**Edit**: fedja has pointed out the previous result (first theorem) stated was weaker than the present purposes require. This has now been addressed with the addition of references and the result of Luther below.

The fact that $f(x)$ is everywhere non-differentiable for $f$ with lacunary Fourier series follows by Theorem 2.1 here with earlier versions known to Freud and Hardy

**Theorem** [Hardy]: An integrable periodic function $f$ with Fourier series
$\sum a_k \sin(n_k x)$, satisfying $\frac{n_k+1}{n_k} >\lambda > 1$ is differentiable at a point only if $\lim\limits_{k\rightarrow\infty} a_{k}n_k = 0$.

The particular function that is provided (known as Weirstrass' function) is not lacunary, but many results are known. For $\alpha=2$ one has a mix of non-differentiability and differentiability results known, one interesting result being the following of Gerver

**Theorem** [Gerver, 1970]: $f(x)=\sum\limits_{n=1}^{\infty} \frac{\sin{n^2 x}}{n^2}$ is differentiable at points $k\pi$ if $k=\frac{2p+1}{2q+1}$, $p,q\in\mathbb{Z}$.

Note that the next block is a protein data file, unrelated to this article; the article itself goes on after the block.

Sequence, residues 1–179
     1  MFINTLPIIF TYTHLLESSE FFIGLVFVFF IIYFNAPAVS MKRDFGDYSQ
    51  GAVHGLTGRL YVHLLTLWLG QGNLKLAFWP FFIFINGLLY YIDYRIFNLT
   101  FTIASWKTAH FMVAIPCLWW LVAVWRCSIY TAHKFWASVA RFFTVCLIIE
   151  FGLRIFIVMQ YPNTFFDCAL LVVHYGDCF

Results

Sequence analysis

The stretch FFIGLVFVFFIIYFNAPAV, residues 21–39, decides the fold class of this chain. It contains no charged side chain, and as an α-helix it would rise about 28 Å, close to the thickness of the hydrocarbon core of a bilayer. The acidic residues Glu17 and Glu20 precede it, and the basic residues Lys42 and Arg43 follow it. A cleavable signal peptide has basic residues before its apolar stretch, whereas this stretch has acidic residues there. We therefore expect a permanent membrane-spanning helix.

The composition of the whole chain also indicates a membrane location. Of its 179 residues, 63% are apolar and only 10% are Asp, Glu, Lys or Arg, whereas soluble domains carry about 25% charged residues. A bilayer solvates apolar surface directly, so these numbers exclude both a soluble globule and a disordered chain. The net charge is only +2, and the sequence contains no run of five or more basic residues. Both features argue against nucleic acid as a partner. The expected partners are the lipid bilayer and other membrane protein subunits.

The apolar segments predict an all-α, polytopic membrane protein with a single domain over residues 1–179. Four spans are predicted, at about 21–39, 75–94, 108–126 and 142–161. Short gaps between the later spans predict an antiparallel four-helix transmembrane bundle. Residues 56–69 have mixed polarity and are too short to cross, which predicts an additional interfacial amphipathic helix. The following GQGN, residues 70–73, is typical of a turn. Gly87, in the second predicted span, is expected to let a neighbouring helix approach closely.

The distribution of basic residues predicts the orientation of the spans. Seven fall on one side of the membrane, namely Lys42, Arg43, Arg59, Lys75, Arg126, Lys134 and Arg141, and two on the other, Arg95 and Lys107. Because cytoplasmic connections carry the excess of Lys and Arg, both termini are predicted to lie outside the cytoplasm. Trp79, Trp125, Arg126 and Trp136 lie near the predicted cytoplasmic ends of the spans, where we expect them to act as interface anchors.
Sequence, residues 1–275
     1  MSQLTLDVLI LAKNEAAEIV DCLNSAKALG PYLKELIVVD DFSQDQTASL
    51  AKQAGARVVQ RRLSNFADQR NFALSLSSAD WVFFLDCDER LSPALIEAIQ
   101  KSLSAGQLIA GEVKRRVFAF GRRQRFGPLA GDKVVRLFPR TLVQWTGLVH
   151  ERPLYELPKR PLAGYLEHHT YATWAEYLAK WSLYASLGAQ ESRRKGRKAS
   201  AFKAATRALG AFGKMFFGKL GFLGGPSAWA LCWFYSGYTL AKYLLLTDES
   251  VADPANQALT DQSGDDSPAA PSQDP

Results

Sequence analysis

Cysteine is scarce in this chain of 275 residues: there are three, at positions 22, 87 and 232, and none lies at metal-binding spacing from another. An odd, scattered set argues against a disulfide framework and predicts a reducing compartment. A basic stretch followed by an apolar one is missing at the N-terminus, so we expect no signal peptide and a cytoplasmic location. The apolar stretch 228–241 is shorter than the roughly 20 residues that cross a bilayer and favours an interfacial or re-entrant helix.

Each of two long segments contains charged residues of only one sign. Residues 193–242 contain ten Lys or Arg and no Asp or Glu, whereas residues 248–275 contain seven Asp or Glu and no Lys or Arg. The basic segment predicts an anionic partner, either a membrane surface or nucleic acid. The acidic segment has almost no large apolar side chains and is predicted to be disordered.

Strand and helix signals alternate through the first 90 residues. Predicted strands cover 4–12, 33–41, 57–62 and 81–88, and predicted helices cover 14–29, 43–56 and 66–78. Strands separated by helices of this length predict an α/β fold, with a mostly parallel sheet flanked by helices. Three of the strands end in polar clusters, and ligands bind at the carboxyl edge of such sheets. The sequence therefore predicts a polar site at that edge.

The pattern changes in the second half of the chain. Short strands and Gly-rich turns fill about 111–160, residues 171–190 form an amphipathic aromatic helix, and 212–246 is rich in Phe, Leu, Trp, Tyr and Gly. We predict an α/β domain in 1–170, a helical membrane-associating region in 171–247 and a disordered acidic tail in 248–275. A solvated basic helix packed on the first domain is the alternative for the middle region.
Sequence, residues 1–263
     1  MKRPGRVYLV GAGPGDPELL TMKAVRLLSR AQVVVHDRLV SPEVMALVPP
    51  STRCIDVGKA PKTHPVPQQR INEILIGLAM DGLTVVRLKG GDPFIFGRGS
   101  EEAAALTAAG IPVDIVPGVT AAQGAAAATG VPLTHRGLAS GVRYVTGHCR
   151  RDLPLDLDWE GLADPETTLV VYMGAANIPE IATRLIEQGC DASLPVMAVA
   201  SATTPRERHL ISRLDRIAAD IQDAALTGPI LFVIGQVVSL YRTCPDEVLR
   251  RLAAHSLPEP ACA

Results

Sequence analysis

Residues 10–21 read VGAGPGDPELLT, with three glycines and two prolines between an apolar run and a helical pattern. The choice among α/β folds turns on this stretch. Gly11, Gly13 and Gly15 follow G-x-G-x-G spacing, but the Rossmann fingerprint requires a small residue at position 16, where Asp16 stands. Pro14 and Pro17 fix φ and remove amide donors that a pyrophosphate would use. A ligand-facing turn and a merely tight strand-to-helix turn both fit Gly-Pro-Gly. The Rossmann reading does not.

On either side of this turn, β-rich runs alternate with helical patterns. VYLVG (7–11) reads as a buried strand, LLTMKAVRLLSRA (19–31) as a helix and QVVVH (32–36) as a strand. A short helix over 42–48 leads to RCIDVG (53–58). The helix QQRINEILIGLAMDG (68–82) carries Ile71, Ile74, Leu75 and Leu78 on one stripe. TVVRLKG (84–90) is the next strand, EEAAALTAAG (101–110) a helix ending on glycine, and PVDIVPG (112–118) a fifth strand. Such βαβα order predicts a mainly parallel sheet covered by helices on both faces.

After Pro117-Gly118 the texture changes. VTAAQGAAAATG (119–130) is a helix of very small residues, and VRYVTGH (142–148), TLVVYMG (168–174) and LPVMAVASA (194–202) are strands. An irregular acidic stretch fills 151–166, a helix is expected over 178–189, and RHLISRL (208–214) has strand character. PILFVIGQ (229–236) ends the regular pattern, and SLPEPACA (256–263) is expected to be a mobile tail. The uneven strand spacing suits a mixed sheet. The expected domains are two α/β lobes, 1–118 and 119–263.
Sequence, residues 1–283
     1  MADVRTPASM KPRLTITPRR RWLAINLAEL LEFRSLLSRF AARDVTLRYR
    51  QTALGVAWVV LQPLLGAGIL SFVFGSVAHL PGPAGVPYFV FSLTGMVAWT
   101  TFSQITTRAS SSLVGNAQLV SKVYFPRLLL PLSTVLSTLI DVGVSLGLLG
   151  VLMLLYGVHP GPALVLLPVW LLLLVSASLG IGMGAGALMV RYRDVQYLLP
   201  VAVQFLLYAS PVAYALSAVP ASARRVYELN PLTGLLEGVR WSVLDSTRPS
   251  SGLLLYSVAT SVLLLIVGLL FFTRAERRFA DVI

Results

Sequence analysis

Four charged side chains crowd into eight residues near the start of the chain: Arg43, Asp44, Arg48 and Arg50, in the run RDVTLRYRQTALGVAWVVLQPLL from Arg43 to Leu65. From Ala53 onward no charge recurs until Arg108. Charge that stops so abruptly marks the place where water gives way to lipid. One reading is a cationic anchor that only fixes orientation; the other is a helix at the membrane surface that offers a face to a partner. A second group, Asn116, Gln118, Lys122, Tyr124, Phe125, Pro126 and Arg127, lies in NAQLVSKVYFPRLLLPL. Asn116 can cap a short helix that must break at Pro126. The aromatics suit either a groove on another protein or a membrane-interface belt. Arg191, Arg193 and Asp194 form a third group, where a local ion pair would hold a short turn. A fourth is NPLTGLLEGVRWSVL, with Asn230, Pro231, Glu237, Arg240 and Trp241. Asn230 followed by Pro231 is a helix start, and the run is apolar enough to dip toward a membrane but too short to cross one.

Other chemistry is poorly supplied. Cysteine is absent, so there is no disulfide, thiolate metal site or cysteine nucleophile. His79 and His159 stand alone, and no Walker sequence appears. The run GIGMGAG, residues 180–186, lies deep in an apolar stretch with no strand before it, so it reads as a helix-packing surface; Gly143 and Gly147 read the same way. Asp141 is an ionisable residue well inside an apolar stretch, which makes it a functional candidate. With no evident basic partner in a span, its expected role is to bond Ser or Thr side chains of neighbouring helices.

A literature search shows that the question for varying $\alpha$ was considered even earlier by Hardy here (see second paragraph on the fifth page) who showed that this function has no derivative for $x$ irrational and $\alpha<\frac{5}{2}$. A more recent result of Luther (Theorem 2, here) shows more, namely that the above series is nowhere differentiable for $1\leq \alpha\leq \frac{3}{2}$ and that for $\frac{3}{2}<\alpha<3$ the function is differentiable at $x=\frac{p}{q}$, $(p,q)=1$, only for $pq \equiv\ 1\ (\text{mod }2)$.

This last result shows that the mix between differentiability and non-differentibility happens for $\alpha$ smaller than two ($\alpha=\frac{3}{2}$) while for $f(x;\alpha)$ to be differentiable it is necessary that $\alpha \geq 3$.